In 1920s and 1930s New Zealand, Janet Frame grows up in a poor family with lots of brothers and sisters. Already at an early age she is different from the other kids. She gets an education ... See full summary »
Ruth's been brainwashed by a guru in Delhi, India. Her parents in Sydney hire a specialist in reversing this. Ruth is tricked to return to Australia and is isolated in an outback cabin with the specialist. It gets messy.
An American girl inherits a fortune and falls into a misguided relationship with a gentleman confidence artist whose true nature, including a barbed and covetous disposition, turns her life into a nightmare.
A poet falls in love with an art student who gravitates to his bohemian lifestyle -- and his love of heroin. Hooked as much on one another as they are on the drug, their relationship alternates between states of oblivion, self-destruction, and despair.
It's 1818 in Hampstead Village on the outskirts of London. Poet Charles Brown lives in one half of a house, the Dilkes family the other. Through association with the Dilkes, the fatherless Brawne family knows Mr. Brown. Mr. Brown and the Brawne's eldest daughter, Fanny, don't like each other. She thinks him arrogant and rude; he feels that she's a pretentious flirt, knowing only how to sew (admittedly well as she makes all her own fashionable clothes), and voicing opinions on subjects about which she knows nothing. Insecure struggling poet John Keats comes to live with his friend, Mr. Brown. Miss Brawne and Mr. Keats have a mutual attraction to each other, but their relationship is slow to develop, in part, since Mr. Brown does whatever he can to keep the two apart. Other obstacles face the couple, including their eventual overwhelming passion for each other clouding their view of what the other does, Mr. Keats' struggling career, which offers him little in the way of monetary ...Written by
The Hyde House and Estate in Hyde, Bedfordshire substituted for the Keats House in Hampstead. Jane Campion decided that the Keats House (also known as Wentworth Place) was too small and "a little bit fusty". See more »
The large blue butterflies featured in the 'butterfly' sequence are tropical and would not have been found in Britain at that (or any other recent) time. See more »
beautiful cinema work cannot avoid this film slipping into boredom
It must be quite frustrating for somebody who invested so much art and cinema know-how into making this film, and I suspect holds a lot of passion and tenderness for the heroes and for their times to read such feedback. I cannot however hide the facts. I liked a lot of things in Jane Campion's last film. Almost each scene is a visual masterpiece in setting, in colors, in placement of the actors, in the angles of the camera. It's a beauty to watch. But one does not come to the movies as he comes to a museum, and even for a visit in a museum two hours of continuous beauty without a break are tiring. The actors are well chosen, they are fresh faces and yet beautiful (Abbie Cornish) and expressive (Ben Whishaw' John Keats), and the film also brings the most adorable red-haired kid actor I have ever seen (the name is Edie Martin). Characters develop, and people speak, and fall in love, and love falls apart, and life falls apart, and there is a lot of poetry in all this, loudly read poetry, but then one does not come to the movies as he comes to a poetry reading. Some action is needed, some suspense is deserved - and this is exactly what 'Bright Star' is lacking in my opinion. We know everything that can and will happen in the film from the start, and the only unknown the film can offer is how fast or how slow the 119 minutes will go. Well, they were quite long for me by the end of the film.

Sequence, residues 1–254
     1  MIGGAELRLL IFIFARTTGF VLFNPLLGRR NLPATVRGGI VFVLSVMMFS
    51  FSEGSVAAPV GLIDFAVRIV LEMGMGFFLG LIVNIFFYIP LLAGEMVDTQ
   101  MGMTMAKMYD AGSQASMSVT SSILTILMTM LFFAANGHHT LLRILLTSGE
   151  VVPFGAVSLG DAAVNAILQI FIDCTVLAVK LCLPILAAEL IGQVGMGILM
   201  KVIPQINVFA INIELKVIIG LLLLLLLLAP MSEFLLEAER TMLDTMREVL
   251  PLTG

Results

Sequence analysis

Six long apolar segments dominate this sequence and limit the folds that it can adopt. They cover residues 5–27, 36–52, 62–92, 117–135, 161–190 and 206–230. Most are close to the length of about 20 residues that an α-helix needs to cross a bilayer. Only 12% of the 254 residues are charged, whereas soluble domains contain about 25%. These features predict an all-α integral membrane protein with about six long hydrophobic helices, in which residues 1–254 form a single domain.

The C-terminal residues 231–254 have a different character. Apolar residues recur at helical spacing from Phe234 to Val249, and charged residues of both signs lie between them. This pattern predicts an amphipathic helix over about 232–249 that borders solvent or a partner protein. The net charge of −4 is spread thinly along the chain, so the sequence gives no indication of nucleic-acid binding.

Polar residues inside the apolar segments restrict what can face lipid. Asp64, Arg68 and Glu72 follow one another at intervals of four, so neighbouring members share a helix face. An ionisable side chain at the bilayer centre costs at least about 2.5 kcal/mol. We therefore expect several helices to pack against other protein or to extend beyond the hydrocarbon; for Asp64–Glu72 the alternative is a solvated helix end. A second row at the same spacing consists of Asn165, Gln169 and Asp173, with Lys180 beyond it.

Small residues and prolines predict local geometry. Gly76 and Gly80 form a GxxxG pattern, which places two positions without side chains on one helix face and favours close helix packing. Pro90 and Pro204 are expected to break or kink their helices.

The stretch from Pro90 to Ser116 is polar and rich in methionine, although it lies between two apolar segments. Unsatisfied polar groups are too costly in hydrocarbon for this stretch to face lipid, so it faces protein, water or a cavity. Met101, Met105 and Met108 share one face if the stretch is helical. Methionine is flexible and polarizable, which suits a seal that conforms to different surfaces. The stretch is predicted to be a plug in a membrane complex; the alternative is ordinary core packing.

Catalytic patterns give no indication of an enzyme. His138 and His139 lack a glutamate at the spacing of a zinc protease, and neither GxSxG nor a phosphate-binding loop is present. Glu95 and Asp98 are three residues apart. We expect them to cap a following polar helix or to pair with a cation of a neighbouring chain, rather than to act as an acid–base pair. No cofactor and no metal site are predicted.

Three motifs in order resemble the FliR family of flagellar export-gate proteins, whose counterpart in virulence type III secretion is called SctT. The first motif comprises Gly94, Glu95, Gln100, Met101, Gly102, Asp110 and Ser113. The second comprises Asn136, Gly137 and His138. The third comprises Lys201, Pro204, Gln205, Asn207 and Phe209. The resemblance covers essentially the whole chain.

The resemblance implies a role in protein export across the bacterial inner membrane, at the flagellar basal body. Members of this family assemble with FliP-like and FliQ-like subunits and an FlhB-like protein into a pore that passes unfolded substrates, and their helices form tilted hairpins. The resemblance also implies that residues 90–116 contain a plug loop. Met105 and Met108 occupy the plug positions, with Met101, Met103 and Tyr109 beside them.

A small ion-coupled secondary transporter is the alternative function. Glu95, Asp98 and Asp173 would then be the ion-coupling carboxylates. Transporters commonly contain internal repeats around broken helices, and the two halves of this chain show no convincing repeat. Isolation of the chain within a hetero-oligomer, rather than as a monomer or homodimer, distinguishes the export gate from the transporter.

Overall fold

Jane Campion is back to the period movies genre which made her most famous with 'The Piano'. In-between she made a couple of films in other genres ('Holy Smoke', 'In the Cut') which I liked more than the average critic and IMDb viewers opinion. I looked that the situation is reversed with 'Bright Star'.
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